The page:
Indentifying Parts of a Compass with Illustrated Diagram

Whenever history teachers need to rank the most important inventions of humankind, compasses tend to be up there in the top 5, alongside the printing press, fire, and the internet. That’s because the ability to stay on track through long distances of nothing has saved countless lives and enabled massive logistical enterprises.

Even nowadays, despite all our progress with GPS technologies, many trekkers and survivalists continue to carry an extra compass for good measure. 

Plus, many of us have inherited an expensive old compass as a family heirloom, as some come in very ornate handcrafted boxes or sturdy military casings. In homes, maps can be great decorating stuff and are also used to check the property sides for feng shui purposes as well.

No matter what type of compass has landed on your lap, chances are that it still works under the same principles as those that first crossed the seas in the 15th century. By examining each one of their parts, you’ll get to learn how it works!

The Parts of a Compass

Parts of a Compass Diagram

When you look at a compass at a glance, you can usually identify the baseplate, the housing, and the dial very quickly. But what do all the other small lines and rotating parts mean?

Many of the smaller parts listed here are not included in all compasses. The fancier your model, the higher the chance that you will get extra bells and whistles.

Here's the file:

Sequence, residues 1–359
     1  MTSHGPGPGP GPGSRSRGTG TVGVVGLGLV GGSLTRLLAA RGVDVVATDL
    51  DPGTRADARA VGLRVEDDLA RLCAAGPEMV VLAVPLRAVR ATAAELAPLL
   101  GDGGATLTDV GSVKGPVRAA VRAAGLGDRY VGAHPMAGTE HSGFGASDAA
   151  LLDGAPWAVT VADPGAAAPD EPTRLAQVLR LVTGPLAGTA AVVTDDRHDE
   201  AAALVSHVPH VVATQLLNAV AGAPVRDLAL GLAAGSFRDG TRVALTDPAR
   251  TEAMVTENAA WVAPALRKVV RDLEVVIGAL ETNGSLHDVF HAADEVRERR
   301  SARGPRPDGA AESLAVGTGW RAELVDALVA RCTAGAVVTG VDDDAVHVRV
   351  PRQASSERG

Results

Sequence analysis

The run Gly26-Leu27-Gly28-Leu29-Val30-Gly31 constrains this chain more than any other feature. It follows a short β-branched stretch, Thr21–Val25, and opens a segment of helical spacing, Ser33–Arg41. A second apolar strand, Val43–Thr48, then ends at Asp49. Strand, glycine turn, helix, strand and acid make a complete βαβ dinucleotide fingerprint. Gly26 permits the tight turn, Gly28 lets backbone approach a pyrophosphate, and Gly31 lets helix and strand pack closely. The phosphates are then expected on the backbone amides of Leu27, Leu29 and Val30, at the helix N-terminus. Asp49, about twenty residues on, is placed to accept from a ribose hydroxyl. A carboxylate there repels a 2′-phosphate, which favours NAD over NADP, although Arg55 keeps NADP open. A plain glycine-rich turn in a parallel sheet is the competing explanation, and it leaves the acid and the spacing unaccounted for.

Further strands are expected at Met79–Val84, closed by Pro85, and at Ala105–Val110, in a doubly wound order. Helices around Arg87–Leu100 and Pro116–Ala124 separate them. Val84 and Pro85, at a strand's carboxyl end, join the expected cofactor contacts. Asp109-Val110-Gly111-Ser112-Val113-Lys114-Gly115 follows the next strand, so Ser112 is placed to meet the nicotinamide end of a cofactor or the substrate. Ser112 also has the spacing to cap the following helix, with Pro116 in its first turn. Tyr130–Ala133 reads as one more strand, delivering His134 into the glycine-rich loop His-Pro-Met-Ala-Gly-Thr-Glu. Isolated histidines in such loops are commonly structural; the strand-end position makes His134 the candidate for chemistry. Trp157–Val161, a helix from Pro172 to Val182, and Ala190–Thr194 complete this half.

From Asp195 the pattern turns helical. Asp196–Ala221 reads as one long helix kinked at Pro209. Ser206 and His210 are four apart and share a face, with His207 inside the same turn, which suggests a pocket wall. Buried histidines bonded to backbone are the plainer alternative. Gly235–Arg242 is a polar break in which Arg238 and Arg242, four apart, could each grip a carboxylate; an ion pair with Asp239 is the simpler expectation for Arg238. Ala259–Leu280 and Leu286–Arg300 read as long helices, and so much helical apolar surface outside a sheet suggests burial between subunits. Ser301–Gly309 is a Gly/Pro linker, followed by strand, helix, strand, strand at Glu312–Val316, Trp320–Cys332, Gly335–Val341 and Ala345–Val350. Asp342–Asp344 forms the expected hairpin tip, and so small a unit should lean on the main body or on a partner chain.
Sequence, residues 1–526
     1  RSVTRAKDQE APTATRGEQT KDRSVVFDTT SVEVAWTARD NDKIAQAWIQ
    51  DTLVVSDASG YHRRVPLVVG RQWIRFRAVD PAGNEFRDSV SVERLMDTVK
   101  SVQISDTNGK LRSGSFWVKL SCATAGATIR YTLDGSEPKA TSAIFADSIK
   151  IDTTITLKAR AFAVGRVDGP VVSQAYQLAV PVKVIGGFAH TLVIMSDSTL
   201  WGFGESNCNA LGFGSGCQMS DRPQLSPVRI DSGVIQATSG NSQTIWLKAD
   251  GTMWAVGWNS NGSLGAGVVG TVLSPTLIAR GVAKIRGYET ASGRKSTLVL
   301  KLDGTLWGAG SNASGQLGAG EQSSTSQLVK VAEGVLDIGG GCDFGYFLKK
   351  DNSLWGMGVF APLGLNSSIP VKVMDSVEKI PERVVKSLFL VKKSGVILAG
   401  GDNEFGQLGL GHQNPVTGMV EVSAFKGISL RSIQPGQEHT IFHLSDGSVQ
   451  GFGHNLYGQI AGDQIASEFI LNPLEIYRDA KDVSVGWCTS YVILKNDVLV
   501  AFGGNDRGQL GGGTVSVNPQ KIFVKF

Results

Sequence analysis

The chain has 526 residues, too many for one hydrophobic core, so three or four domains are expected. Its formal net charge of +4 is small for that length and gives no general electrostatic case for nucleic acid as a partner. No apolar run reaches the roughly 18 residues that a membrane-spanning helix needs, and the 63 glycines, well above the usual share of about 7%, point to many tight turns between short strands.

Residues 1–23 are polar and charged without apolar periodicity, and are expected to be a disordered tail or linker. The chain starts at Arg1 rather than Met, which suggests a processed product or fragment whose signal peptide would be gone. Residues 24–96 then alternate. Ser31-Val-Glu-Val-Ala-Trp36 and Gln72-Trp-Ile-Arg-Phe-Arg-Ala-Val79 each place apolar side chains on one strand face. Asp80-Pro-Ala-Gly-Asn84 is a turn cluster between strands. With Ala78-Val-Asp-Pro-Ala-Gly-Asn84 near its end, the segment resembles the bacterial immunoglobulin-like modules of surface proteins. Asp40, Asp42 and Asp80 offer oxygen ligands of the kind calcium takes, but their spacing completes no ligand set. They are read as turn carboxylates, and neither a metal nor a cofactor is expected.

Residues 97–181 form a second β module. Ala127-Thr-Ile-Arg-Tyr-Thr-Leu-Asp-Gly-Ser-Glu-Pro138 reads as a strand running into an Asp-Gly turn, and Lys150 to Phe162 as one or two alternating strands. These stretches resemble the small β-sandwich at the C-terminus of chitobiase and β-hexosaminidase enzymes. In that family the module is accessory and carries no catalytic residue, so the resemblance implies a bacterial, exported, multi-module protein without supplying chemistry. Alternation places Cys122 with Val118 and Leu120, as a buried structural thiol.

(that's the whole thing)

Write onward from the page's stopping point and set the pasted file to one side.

The baseplate is the largest section of a compass. In modern models, it is usually the big piece of plastic or metal on which everything else is mounted on. Depending on your model, your baseplate may feature:

Scales and Rules

These are a series of regular lines meant to help you interpret the scale of a map. Just place them on top of the map, and compare them to the appropriate scale to measure the approximate distance between two points on the map.

Fortunately, most hiking maps tend to follow the same standard scales – otherwise, this would be too hard to read!

Magnifying Glass

If you get disoriented during a trip, you may need to take a good look at the details on your map. Because of this, many of the more expensive models now include a small magnifying glass on one side of the baseplate.

Direction-of-Travel Arrow

In compasses with a rotating dial, you will most likely also have a direction-of-travel arrow. This is a larger, visible arrow that usually points directly to the top of the base plate. This arrow is supposed to point to the direction in which you are heading and help you compare it against the Compass North.

Declination Scale

This is an additional set of marks that usually only appears on very high-end models. They are meant to help you calculate the difference between the True North and the Magnetic North. They are usually marked on one side of the baseplate, next to the ruler. However, they are only truly useful when you are traveling very close to a Pole.


Some high-end compass models also include a small mirror next to the magnifying glass. It can be used to track distant objects without losing sight of your needle and dial. Sometimes, it can also be used in high mountains or snowy landscapes to issue an emergency signal.